Candace Fleming is the author of more than 40 books for children and young adults and has covered many larger-than-life Americans including the Lincolns, Amelia Earhart, and Eleanor Roosevelt. However, the subject of her most recent book, The Rise and Fall of Charles Lindbergh, is an enigmatic historical figure she can’t quite pin down. PW spoke with Fleming about her new biography, Lindbergh’s dramatic life and career, and the many controversies that surround him still.
What inspired you to choose Charles Lindbergh as a subject?
I always think that in a way my subject chooses me. After I finished The Family Romanov, I was searching for a new piece of history that young adults could relate to—and I started to research the kidnapping of the Lindbergh baby. But after a month or two of research and after reading his journals, I found I was fascinated with Lindbergh himself. Here was a man I couldn’t quite get a handle on. And then after the 2016 election, I kept noticing parallels between that past moment and the present.
Your book begins in 1941 with a heated scene of 30,000 America First rally-goers in Madison Square Garden who eventually all chant the name Lindbergh, waiting to hear him speak. What made you decide to start there?
The truth is I decided late. Originally the book had an entirely different prologue. And again, this one chose me as I started to see parallels between the political rallies we see now and the America First rallies then. It is astonishing how they are very much alike in terms of what the protestors say, the violence, and even the rallies themselves. As I was writing, I began to feel it was a fair place to start for the readers. It allows you to look at Lindbergh and to question whether or not he was a different kind of American hero and then also to ask, was he even a hero at all?
Why did you choose to structure your narrative into the two main sections—the rise and fall of this controversial American figure?
Again, I came to that late in the process. I struggled for a while with what to call this book, but when I arrived at the perfect title, The Rise and Fall of Charles Lindbergh, that solidified the structure. It helped me pin down who he was. He was this unbelievable celebrity—millions of Americans saw him on the book tour following his famous flight and the publication of The Spirit of St. Louis. Everybody loved him. He was the first international superstar. He had a presence and a platform. And what did he choose to do with that power?
In the introduction to your extensive bibliography, you state that you tried to let Charles and Anne Lindbergh speak for themselves as much as possible. How did you employ their diaries and their published and unpublished memoirs as you wrote this book?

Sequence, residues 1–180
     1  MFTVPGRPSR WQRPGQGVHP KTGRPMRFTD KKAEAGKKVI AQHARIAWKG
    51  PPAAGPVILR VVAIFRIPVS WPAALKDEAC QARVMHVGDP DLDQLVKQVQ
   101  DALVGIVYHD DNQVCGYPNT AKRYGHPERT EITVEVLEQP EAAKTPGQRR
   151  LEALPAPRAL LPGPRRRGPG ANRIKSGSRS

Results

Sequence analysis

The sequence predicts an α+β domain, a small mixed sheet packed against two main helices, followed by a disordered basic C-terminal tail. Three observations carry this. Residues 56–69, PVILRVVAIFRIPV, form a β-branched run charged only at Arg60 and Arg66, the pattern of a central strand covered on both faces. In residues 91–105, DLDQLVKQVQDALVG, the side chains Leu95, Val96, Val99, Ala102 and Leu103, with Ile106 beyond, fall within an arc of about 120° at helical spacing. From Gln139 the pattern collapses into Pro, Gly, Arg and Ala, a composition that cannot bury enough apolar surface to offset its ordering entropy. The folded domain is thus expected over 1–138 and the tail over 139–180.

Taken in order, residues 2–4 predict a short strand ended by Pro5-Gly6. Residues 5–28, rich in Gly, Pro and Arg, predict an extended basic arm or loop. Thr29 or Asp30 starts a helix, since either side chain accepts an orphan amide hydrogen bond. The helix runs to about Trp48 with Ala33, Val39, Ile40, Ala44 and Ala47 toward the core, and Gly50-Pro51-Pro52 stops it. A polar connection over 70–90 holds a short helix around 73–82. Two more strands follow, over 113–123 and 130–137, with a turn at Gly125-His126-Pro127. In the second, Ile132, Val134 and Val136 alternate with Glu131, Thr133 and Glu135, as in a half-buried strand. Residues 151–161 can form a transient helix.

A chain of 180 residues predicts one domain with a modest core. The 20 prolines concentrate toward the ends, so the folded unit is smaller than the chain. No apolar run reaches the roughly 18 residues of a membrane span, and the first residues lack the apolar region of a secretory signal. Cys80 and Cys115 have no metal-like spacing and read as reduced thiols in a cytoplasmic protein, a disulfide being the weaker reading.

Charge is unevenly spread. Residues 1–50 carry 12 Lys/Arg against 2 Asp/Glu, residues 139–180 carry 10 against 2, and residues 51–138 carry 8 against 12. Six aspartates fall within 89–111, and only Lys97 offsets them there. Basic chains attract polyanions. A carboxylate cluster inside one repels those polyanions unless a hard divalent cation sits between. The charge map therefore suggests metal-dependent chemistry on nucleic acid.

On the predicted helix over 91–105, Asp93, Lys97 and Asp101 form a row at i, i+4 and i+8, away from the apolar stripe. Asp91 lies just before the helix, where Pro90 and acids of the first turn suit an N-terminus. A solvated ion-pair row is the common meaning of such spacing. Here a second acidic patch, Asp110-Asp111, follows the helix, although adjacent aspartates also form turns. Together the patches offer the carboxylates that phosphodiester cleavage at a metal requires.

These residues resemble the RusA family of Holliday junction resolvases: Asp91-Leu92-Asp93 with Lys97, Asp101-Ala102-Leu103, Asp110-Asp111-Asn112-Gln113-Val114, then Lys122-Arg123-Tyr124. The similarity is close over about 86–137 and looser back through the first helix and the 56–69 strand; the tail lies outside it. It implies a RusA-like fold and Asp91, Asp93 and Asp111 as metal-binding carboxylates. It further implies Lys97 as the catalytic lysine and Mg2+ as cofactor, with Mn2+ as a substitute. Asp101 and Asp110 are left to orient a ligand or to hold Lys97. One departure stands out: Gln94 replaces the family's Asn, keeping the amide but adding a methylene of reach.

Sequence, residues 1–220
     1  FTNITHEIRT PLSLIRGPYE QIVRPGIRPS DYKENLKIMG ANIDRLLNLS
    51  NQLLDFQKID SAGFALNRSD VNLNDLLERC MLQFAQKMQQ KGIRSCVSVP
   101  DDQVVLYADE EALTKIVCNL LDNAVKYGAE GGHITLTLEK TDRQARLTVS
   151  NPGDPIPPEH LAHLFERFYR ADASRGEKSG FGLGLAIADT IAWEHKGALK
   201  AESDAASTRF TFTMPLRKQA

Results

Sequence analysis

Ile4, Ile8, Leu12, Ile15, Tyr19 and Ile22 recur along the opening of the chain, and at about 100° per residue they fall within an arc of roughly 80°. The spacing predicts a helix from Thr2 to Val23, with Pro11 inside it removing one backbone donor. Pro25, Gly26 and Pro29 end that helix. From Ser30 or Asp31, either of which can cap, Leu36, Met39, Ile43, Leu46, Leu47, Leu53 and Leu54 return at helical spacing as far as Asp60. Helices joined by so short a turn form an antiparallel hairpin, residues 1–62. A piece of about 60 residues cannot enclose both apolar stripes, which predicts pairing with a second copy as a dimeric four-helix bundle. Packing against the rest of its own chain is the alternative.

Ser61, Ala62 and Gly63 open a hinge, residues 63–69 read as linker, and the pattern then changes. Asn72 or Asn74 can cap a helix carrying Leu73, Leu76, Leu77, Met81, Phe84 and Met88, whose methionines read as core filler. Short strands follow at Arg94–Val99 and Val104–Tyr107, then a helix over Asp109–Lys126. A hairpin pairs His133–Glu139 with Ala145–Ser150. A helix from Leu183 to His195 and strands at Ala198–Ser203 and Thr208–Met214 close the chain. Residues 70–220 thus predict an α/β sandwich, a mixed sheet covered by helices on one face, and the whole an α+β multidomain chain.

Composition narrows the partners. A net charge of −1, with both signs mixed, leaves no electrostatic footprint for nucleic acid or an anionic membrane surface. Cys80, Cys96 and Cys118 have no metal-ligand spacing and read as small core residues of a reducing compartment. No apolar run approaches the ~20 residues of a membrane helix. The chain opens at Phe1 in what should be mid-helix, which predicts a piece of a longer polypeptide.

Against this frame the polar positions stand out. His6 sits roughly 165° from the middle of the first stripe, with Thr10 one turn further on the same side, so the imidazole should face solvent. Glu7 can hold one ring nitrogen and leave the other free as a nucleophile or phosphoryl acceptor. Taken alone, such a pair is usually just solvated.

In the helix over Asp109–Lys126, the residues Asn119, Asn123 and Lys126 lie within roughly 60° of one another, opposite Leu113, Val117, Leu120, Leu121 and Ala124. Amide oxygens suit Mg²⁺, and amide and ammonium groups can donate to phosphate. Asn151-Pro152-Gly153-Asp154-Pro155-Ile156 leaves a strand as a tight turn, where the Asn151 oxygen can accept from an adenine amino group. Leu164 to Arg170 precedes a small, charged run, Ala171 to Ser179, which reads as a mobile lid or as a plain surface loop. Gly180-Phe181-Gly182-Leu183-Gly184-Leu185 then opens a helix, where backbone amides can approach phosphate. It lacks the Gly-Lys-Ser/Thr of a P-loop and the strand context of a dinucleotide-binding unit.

The answer is, very carefully. I did not include any dialogue unless they wrote it themselves. They wrote so prolifically. And in many ways, Anne was really the surprise character that emerged. She had wonderful sections about their dates, their banter, and their phone calls. She was a gifted storyteller and she wrote my scenes for me in a way because she was so specific about how she felt in those passages. There was a bit of a problem when it came to Charles in [his book], The Spirit of St. Louis. He wrote that in first-person present, so it was very much in the now and sometimes difficult to drop into my text.
Anne’s point of view runs throughout the book and her memoirs and writings inform the details and story of their life together. How did you grapple with the ways she eventually came to question her sometimes blind faith in Lindbergh?
I never really know what I’m heading into and in the beginning I thought I knew Charles Lindbergh and I knew Anne was a big part of his life. But I didn’t really know what to expect from her. And she was a full-fledged person in her own right. She wrote so many diaries and other works, and given what she left us it was easy to get into her head. And as I wrote I felt a real kindship with her. I can imagine what it would be like to live with a man like this. She was this young, sheltered, introvert and she marries this big man—with a big personality, big confidence, and big celebrity. She was so young. And then the question is how does she grow. And she evolves and does indeed do her own thing. And I think her book Gift from the Sea really does show her coming into her own. When he hands her The Spirit of St. Louis manuscript the envy and fury is palpable in her diaries. And I get that, too. What she wants most to do is write and has ever since they met. And he laughs at that. He wants to do stuff and be someone people write about, not write himself. But then when he shows her his book it really feels to her as if it came at her expense and that what he learned about writing he learned from her. She’s extraordinary and she shows real capacity for change over the course of her life. Charles stays pretty static by comparison. But she evolves. I like her, can you tell?
With so many fascinating details to choose from, how did you narrow down your chronicle of Lindbergh’s stratospheric rise?
There was so much really good stuff and as I was writing I thought to myself this thing is getting really long. I self-edited carefully and when I sent it off to my editor Anne Schwartz she told me to fill in some of the gaps. So I got to write even more. There was a wealth of material with so many details and stories. But I always think of what I am trying to say to readers as I decide what needs to be in there and what needs to be set aside.
You portray Lindbergh’s incredible determination to learn to fly and to push boundaries in aviation. What seems most remarkable to you about his career in flight?
It’s The Spirit of St. Louis—no question. No one can ever take that [accomplishment] away from him. It’s the most incredible thing that he did. It’s interesting though—later on in his life he begins to question the technology of flight and the science behind it. It’s important, too, to remember that during World War II he saves pilots’ lives by risking his own. In the end of his life, he starts to question whether or not technology is man’s problem rather than its salvation. That is one of the most astonishing threads in the whole book—the vital idea that he is grappling with his own mortality and that his firm belief in technology starts to unravel in the end. Never entirely but it started to. And again I saw parallels in the 21st century there, too, when you look at things like the internet.